The stolen base has become a big issue for the Pittsburgh Pirates over the past couple of seasons, but things hit an all-time low Tuesday night when the Milwaukee Brewers took off at will, swiping seven (yes seven) bags in a 6-0 Brewers win at PNC Park.
The Bucs inability to throw anyone out, even ghost runners in practice has become an epidemic and a problem that has to be addressed throughout the organization.
Is it the catchers’ fault? Is it the pitchers’ fault?
Who cares? It needs to be fixed regardless.
I decided to go back five years and look at how the Pirates have fared gunning out potential base stealers.
2008: 104 SB, 46 CS, .693 SB% (23rd in MLB)
2009: 107 SB, 43 CS, .714 SB% (15th in MLB)
2010: 116 SB, 32 CS, .784 SB% (5th in MLB)
2011: 123 SB, 40 CS, .755 SB% (10th in MLB)
2012: 137 SB, 14 CS, .907 SB% (1st in MLB)
As you can see, the past three years the Bucs have been among the top ten easiest teams to steal on in baseball and if you look under Clint Hurdle’s two seasons as Pirates’ manager, they have allowed 260 steals and only thrown out 54 runners, which means they have thrown out barely 17 percent of the runners attempting to steal, easily the worst mark in baseball over that time.
Last season, it was the catchers that had to go and as much as I didn’t like Ryan Doumit, was he really the problem? I’m sure this team could have used his bat a little bit this year.
The problem is the way the stolen base is valued in the organization and slowing down the running game has to move higher up on the priority list beginning next season.
Tom Smith of Rum Bunter took a look at how minor league catcher Tony Sanchez is throwing out runners at a 24 percent clip throughout his minor league career (88 CS, 273 SB).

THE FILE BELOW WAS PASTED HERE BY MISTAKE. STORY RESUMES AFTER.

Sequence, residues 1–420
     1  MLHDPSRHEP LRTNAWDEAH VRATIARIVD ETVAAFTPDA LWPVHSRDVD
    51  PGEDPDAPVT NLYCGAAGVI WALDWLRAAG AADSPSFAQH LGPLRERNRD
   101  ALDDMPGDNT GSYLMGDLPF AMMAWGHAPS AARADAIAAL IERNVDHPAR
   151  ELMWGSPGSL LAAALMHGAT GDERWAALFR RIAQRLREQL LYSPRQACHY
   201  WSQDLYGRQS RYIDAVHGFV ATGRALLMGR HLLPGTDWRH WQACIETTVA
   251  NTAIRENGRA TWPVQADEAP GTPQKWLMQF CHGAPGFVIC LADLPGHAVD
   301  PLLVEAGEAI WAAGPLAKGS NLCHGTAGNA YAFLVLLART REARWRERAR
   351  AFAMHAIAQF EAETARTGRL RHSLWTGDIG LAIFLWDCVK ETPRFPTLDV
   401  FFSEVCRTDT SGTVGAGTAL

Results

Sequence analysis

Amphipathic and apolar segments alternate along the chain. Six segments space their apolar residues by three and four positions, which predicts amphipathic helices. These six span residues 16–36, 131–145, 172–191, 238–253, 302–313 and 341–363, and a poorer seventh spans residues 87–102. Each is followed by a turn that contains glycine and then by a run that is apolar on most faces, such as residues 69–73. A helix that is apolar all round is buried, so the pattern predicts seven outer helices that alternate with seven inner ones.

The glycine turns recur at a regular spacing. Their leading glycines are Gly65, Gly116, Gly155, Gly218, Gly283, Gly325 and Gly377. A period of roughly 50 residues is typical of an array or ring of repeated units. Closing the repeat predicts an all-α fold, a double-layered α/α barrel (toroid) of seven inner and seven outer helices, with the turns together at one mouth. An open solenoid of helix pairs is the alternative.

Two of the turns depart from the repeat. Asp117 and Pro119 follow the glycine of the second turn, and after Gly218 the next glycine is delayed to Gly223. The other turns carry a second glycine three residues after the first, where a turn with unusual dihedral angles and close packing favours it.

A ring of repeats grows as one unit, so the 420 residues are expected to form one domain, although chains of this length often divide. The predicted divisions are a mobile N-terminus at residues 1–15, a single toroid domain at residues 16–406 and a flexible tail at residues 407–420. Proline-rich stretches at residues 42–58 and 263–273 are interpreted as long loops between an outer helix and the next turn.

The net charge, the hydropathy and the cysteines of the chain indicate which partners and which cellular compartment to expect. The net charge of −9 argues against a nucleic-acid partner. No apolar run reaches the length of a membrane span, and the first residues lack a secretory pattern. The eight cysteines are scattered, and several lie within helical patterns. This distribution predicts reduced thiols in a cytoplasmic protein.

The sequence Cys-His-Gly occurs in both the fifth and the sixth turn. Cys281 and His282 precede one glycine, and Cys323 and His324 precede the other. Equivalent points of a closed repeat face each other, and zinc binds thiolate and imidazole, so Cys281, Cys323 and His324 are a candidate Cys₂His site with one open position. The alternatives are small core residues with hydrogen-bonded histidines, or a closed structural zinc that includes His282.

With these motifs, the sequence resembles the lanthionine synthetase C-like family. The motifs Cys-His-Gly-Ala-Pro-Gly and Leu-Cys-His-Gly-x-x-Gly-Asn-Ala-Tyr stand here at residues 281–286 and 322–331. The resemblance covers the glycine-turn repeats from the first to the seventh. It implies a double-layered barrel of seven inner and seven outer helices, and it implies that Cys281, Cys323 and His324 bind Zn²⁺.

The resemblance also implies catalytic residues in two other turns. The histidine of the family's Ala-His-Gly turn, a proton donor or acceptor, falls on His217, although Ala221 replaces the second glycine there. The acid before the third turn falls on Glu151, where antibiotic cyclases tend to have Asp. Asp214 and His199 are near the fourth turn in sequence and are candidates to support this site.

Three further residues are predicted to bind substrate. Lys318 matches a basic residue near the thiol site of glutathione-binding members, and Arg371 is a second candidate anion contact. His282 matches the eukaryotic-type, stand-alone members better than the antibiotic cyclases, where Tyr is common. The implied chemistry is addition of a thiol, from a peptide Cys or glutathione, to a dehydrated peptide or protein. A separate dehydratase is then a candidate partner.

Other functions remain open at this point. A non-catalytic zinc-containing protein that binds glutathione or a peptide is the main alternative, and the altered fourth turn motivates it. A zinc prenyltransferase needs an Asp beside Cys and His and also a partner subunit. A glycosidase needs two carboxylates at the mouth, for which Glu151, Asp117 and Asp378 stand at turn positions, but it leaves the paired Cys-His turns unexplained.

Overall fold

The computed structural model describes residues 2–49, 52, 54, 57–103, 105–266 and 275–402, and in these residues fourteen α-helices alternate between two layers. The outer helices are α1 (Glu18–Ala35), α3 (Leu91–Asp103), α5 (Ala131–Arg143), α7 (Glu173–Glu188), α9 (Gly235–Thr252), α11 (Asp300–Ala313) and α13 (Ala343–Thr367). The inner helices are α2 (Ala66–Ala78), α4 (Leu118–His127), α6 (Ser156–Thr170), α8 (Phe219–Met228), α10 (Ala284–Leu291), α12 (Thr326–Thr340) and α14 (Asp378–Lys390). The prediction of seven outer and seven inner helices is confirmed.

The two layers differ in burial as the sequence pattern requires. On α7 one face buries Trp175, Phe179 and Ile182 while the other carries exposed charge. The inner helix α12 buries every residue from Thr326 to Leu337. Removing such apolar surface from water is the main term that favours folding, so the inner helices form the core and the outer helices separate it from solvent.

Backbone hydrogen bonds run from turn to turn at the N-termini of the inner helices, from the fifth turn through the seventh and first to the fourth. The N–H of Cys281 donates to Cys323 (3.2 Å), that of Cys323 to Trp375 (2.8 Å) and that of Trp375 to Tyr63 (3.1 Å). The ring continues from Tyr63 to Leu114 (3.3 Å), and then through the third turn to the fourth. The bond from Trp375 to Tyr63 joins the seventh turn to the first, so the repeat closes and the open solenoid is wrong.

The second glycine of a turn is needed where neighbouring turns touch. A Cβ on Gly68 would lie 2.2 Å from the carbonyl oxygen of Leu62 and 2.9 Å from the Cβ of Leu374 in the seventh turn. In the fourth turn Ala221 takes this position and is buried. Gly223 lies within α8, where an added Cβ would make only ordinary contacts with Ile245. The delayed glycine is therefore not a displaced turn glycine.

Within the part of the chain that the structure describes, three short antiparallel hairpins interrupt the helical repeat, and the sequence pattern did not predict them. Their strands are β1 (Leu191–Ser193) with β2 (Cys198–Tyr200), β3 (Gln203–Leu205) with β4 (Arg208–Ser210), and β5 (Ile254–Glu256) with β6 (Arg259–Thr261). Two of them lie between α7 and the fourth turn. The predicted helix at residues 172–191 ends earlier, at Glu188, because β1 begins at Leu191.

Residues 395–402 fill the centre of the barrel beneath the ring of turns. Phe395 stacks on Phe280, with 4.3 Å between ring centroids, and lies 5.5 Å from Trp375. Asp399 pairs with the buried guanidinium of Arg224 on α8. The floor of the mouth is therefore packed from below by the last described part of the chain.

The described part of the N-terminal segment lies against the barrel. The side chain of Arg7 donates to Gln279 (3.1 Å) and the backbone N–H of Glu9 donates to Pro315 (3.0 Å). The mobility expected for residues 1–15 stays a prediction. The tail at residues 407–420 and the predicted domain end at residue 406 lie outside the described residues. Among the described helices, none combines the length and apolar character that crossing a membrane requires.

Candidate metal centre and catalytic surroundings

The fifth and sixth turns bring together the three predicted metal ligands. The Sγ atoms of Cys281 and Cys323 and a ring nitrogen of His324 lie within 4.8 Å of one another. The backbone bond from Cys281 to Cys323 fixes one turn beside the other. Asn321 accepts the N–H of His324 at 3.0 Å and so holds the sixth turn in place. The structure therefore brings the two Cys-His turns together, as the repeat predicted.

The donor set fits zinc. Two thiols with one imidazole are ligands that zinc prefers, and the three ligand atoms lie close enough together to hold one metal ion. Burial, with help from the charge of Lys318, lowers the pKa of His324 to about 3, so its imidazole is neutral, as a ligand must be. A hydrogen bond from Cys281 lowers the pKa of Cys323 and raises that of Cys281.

To compare Sanchez to Rod Barajas and Michael McKenry this season, Barajas has thrown out only six of 90 potential base stealers (seven percent) and McKenry has thrown out only eight of 61, good for only 13 percent.
Does that mean Sanchez will automatically be better when he arrives to Pittsburgh?
That’s not a guarantee.
Barajas has thrown out 29 percent of runners in his career and is coming off a year in which he threw out 20 of 80 in a Los Angeles Dodgers uniform. He had a bad 2010 season in Toronto, but has a solid career when it comes to controlling the running game and has had eight MLB seasons in which he’s thrown out 33 percent or more.
“The Fort,” doesn’t have the resume of Barajas, but McKenry threw out 13 of 39 runners last season (25 percent) before slipping to 13 percent this season.
Smith also looked at the minor-league performances of Barajas and McKenry and the veteran gunned down 38 percent of minor league base stealers while McKenry shot down 36 percent.
Compared to Sanchez’s 24 percent, you have to be weary of whether or not he is the future answer to the problem.
But personally I have a problem with the Pirates strategy, especially as it relates to last night. How many pitch outs did we see? Why did the Pirates pitchers ignore Ryan Braun at first base and allow him to steal three bags easily?
That’s not only a combination of both the pitchers and the catchers, but an organizational problem as well. Those things are often called from the dugout, so some of the blame must be put on Hurdle and his staff as well.
The difference between Sanchez and the current pair of catchers is that Sanchez has a good arm and neither Barajas nor McKenry do right now. That may help some, but I’m not counting on much.
The stolen base is a problem when the Bucs are on the bases as well. It’s next to embarrassing for the Pirates to have stolen only 63 bases but have been gunned down 48 times.
Opposing teams steal bases on the Bucs at a 91 percent clip, the Pirates steal bases on their own at barely a 56 percent clip.
That’s embarrassing and MUST be addressed.
The stolen base is a weapon and the only shocking part of all of this is why teams haven’t run at will more often on the Pirates. The Bucs make it easy for teams to beat them on the base paths and that can’t happen at this level.
I don’t know if a new catcher is necessarily the answer, but something must be done before next season to address the stolen base. A major league team should not be this bad at running the bases and controlling the running game.
To say it’s an embarrassment would be putting it kindly.